In this study, the scientists analyzed the blood of patients with bladder cancer who had been treated with immunotherapy. The subjects were part of a high-risk group and had an increased chance of disease recurrence, which put them on the waitlist for bladder removal surgery as a precautionary measure.
The scientists investigated the freely circulating DNA in the subjects' blood: small pieces of DNA that move through the bloodstream. Sometimes these contain mutated DNA from a tumor.
"This is because a tumor has undergone genetic changes compared to normal tissue," explains principal investigator Michiel van der Heijden. "Cancer cells release small pieces of DNA into the bloodstream and urine that differ from the regular DNA. In our study, we investigated whether we could still trace tumor DNA in these patients and whether we could use these measurements to predict whether the tumor would return or not.
The results of the study are promising. Based on the results of the blood tests, the researchers were able to correctly predict whether patients would recover after immunotherapy in most cases.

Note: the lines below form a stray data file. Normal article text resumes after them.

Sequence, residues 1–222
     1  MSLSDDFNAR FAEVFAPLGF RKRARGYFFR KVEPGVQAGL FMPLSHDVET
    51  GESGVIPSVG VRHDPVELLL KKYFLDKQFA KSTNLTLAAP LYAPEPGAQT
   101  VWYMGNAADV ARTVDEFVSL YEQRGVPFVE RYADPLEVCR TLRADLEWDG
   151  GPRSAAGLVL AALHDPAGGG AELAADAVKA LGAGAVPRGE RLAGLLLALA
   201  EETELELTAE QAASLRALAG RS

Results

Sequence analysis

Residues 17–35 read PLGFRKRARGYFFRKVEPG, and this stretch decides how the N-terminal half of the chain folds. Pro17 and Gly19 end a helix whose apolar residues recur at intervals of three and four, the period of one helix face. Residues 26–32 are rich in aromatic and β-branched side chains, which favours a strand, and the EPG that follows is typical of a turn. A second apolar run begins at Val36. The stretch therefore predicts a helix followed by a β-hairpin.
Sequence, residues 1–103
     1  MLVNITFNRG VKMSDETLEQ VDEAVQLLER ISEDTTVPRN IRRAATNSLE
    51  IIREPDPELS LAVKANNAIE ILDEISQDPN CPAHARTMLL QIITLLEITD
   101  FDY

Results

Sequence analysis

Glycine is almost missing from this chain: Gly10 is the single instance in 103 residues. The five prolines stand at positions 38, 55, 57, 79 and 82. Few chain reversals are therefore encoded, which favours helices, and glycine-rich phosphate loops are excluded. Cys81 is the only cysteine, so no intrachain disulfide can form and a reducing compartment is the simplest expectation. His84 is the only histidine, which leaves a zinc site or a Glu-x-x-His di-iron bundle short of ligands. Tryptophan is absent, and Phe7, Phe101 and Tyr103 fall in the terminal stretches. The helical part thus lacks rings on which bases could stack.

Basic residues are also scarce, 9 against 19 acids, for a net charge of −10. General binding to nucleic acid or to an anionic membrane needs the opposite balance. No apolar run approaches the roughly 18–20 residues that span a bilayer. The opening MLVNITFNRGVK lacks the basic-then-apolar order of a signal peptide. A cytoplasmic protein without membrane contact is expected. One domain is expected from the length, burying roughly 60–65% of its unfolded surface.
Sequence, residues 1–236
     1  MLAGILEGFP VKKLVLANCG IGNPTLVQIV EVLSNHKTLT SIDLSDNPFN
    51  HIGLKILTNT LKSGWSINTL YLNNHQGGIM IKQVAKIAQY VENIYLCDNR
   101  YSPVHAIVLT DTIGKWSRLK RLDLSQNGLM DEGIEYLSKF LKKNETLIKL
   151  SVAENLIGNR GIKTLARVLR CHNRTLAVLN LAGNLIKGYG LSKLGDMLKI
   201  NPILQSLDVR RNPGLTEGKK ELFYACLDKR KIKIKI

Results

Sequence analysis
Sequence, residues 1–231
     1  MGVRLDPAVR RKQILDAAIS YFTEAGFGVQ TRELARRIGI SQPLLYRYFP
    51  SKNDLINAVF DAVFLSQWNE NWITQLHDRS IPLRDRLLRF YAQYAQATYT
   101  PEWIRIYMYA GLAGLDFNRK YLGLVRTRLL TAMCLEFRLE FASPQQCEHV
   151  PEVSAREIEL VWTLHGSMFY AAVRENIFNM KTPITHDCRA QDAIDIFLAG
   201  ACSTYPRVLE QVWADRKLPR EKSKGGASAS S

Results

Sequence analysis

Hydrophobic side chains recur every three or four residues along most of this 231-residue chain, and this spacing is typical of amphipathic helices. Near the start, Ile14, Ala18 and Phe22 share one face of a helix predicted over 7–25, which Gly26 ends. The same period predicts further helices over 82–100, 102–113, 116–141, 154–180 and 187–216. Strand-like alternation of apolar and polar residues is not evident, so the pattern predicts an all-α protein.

Small pieces of mutated DNA from the tumor were often found in patients who did not respond well to the therapy. In the patients who did respond well to the immunotherapy, no tumor DNA could be found in the blood after the treatment. This last group also saw significantly less tumor recurrence.
"We seem to be able to predict the course of bladder cancer with great precision using this technique," says Van der Heijden. "That might help prevent radical surgery for a number of patients. Patients whose blood no longer contains tumor DNA may no longer need surgery at all.”
This is a major breakthrough because cystectomies are quite invasive. "The bladder is removed during surgery, which means that patients won’t be able to urinate normally anymore," he says.
It does happen that no more tumor cells are found during surgery, indicating that the procedure may not have been necessary.
"With the tools we’ve had at our disposal thus far, we couldn’t determine whether people had really been cured," Van der Heijden explains. "No matter what kind of scans you use, you can't see exactly whether a tumor is completely gone after immunotherapy.
"This technique seems to bring improvement, and we may operate less often as a result. That's fantastic news. We will need to conduct the right follow-up studies, however, before we can apply this to clinical practice."